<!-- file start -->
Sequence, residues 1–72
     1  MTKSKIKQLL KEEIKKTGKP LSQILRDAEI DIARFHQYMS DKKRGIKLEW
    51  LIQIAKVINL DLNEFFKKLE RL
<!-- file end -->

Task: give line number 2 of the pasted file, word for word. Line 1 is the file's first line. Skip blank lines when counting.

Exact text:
     1  MTKSKIKQLL KEEIKKTGKP LSQILRDAEI DIARFHQYMS DKKRGIKLEW